And finally, I built into the interface (perhaps not as successfully as I would have liked, given the time constraints I was under at the end of the dissertation process, and the heavier workload that writing, coding, and media cataloging required)a “Xenites Talk Back” section, where the fans could also append commentary and argumentative points AFTER the full body of the work was finished. They continued to do so up to about a year after the dissertation was formally defended (when my form code broke down through several ISP moves). The biggest revisionist contribution in that space came from Joxer fans, a subgroup that felt some of its views were overlooked.
    All the participants could not get a piece of my Ph.D., which is still “authored” by me, although deliberately dialogically. Perhaps this cycling of the research back into the community studied is not so unusual for cultural studies/ethnographic approaches in anthropology, but in my case in rhetoric and communication, it was an intrinsic part of the research ethics employed and explicitly laid out in my research methods.
    The section of the diss that discusses these issues can be found (broken out of the frameset) at
    http://www.nutball.com/dissertation/mains/Line2.html#L26
    and at
    http://www.nutball.com/dissertation/mains/Line2.html
    Full dissertation inside the frameset is at http://www.nutball.com/dissertation
    respectfully,
    Chris Boese

    Reply
  2. ben vershbow

    Chris,
    Thanks so much for fleshing this out. It’s interesting reading your “politics of online research praxis” and comparing it with what Rushkoff is contemplating. Your research ethics were developed according to the specific customs and protocols of the Xenaverse, and no doubt led to a far richer and more accurate investigation of that culture than you would have produced as a detached observer (looking back, it must seem that there was no other way to go about it). Rushkoff, on the other hand, is thinking about a more general sort of collaboration with anyone interested in helping out. I wonder if this can actually sustain itself, even with the draw of Rushoff’s celebrity and his devoted readership. I also wonder if he might be kidding himself about the boundaries he ultimately wants to preserve between himself, the principal PhD-bound author, and his collaborators.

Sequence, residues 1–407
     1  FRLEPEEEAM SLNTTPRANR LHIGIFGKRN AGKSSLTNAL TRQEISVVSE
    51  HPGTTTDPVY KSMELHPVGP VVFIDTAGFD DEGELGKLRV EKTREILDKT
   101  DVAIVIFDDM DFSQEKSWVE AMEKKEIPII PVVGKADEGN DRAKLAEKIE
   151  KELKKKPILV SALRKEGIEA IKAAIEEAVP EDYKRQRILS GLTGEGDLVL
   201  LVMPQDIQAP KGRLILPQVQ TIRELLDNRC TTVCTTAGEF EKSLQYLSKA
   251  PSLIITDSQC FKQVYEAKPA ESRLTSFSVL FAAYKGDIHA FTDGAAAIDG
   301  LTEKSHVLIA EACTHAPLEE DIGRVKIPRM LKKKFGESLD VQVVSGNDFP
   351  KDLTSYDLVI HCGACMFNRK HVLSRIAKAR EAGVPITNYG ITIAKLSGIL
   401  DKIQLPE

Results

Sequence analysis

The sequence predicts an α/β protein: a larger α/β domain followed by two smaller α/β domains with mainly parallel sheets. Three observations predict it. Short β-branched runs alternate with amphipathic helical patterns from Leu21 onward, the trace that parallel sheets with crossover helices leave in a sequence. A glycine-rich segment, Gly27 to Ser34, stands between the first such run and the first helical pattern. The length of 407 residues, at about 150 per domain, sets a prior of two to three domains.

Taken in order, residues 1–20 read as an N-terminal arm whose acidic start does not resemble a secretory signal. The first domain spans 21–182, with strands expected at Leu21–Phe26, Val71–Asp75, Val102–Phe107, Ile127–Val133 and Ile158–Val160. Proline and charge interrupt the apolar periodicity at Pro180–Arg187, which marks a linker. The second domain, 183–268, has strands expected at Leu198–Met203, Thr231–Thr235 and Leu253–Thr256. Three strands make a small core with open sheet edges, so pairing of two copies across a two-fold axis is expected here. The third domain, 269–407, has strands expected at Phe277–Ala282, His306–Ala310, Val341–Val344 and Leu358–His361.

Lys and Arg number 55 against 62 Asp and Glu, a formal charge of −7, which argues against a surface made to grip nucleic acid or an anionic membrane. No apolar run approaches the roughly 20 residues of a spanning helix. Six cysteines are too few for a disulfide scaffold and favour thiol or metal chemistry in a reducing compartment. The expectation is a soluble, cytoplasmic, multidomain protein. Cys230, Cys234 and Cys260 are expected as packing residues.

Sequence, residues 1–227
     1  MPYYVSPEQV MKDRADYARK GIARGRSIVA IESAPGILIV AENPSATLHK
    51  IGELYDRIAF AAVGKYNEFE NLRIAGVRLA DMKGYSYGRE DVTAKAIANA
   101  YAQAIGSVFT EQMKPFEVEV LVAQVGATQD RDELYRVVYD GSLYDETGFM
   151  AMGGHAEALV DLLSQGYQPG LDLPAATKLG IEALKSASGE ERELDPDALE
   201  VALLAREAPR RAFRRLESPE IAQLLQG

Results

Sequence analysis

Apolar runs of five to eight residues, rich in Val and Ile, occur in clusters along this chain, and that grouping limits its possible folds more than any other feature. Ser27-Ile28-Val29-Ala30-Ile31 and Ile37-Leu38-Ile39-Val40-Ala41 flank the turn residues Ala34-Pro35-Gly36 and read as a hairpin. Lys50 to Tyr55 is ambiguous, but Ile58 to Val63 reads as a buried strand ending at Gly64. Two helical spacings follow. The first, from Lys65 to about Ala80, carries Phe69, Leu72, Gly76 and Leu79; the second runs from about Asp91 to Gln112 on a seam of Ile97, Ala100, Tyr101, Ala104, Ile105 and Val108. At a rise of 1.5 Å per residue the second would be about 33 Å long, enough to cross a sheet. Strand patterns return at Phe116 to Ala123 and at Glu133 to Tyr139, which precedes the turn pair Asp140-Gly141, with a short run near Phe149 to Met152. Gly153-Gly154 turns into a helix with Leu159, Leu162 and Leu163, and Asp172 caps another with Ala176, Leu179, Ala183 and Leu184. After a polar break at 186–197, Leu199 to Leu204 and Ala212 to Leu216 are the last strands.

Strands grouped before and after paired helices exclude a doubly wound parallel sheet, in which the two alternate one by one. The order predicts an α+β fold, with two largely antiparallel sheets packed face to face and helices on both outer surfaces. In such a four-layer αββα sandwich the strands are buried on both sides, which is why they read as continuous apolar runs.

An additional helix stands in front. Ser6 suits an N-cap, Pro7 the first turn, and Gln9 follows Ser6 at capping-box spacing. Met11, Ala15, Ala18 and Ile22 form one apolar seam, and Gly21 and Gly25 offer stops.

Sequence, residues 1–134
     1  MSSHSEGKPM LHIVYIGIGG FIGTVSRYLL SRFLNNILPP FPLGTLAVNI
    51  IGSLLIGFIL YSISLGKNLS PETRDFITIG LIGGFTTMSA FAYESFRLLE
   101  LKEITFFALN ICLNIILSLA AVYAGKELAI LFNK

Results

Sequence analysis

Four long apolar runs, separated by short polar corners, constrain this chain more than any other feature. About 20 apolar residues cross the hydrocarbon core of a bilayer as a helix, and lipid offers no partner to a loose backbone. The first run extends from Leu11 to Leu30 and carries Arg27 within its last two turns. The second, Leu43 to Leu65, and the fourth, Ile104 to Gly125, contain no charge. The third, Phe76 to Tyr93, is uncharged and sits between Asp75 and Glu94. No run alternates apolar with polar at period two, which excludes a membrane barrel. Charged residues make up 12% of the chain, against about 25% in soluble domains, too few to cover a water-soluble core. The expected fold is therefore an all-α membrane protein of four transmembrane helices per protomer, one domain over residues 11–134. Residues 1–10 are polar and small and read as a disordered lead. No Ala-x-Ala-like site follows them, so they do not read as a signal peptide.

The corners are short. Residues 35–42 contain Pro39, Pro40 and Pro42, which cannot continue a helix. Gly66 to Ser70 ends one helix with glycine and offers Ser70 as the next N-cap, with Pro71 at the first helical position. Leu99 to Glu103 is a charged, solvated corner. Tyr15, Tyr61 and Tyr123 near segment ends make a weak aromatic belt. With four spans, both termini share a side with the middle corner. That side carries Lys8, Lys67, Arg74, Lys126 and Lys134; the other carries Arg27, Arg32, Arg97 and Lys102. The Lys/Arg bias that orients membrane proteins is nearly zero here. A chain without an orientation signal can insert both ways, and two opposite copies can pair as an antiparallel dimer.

Seems a better approach would be to involve himself with specific communities he’s studying — to cultivate, as you say, “a responsible, open, participant-observer role” in arenas like Wikipedia, open source software development, fan culture, and wherever else he’s planning to look. The “open source” approach to Exit Strategy was ultimately a gimmick, a fun layer added to the author’s turf, while what you did with Xena was much more profoundly engaged with new modes of research.
    Obviously, Rushkoff is only at the beginning of thinking this through. You guys should talk.

    Reply
  3. Chris Boese

    [waves wildly to Ben!]
    Whoops, throwback to my old MOO days there!
    Thanks for the thoughts, Ben, and for checking out my methods. You’re right, it does seem clearly the best way to do it now, but at the time, well, I was in a crazy, dissertation blur, editing during endless Xena episodes, doing all-night fan fiction marathons, so I have this odd memory of Princess Diana’s coffin rolling in endless procession, interspersed with Xena flips and smart-ass cracks, and Miss Cleo gesturing on mute…
    What was so odd about the diss is the way I got in this fugue state and all the pieces just fell into place, and this crazy idea of actually enacting the theories I was trying to prove seemed just normal enough to try.
    But more seriously, I guess what I learned from all that (with the Cultural Studies bent brought over tech-side) is that ALL of cyberculture should be approached for study in terms of the utterances of pre-existing communities and cultures.
    It seems that some online researchers do plow into cyberspace and start gathering data as if they’d just discovered the continent of North America and assumed it was empty and ready to be colonized, except for some random tribes here and there, as if the continent weren’t already populated with pre-existing cultures and mores and norms.
    Ach, I’m just rambling. I was talking to a guy last week who insisted that there is nothing unique about RSS, how it was overrated, and HTML pages were the same thing so what difference does it make? Which is fine except that he’s working at a company that’s spending millions to develop a big social network product WITHOUT RSS, as if the pre-existing cultures of the Blogosphere, fueled by feeds, haven’t reshaped the landscape of cyberspace.
    But no, he’s all set to land on an island like Columbus and claim the territory for late 1990s top-down, dot.com myopia.
    Chris —shaking head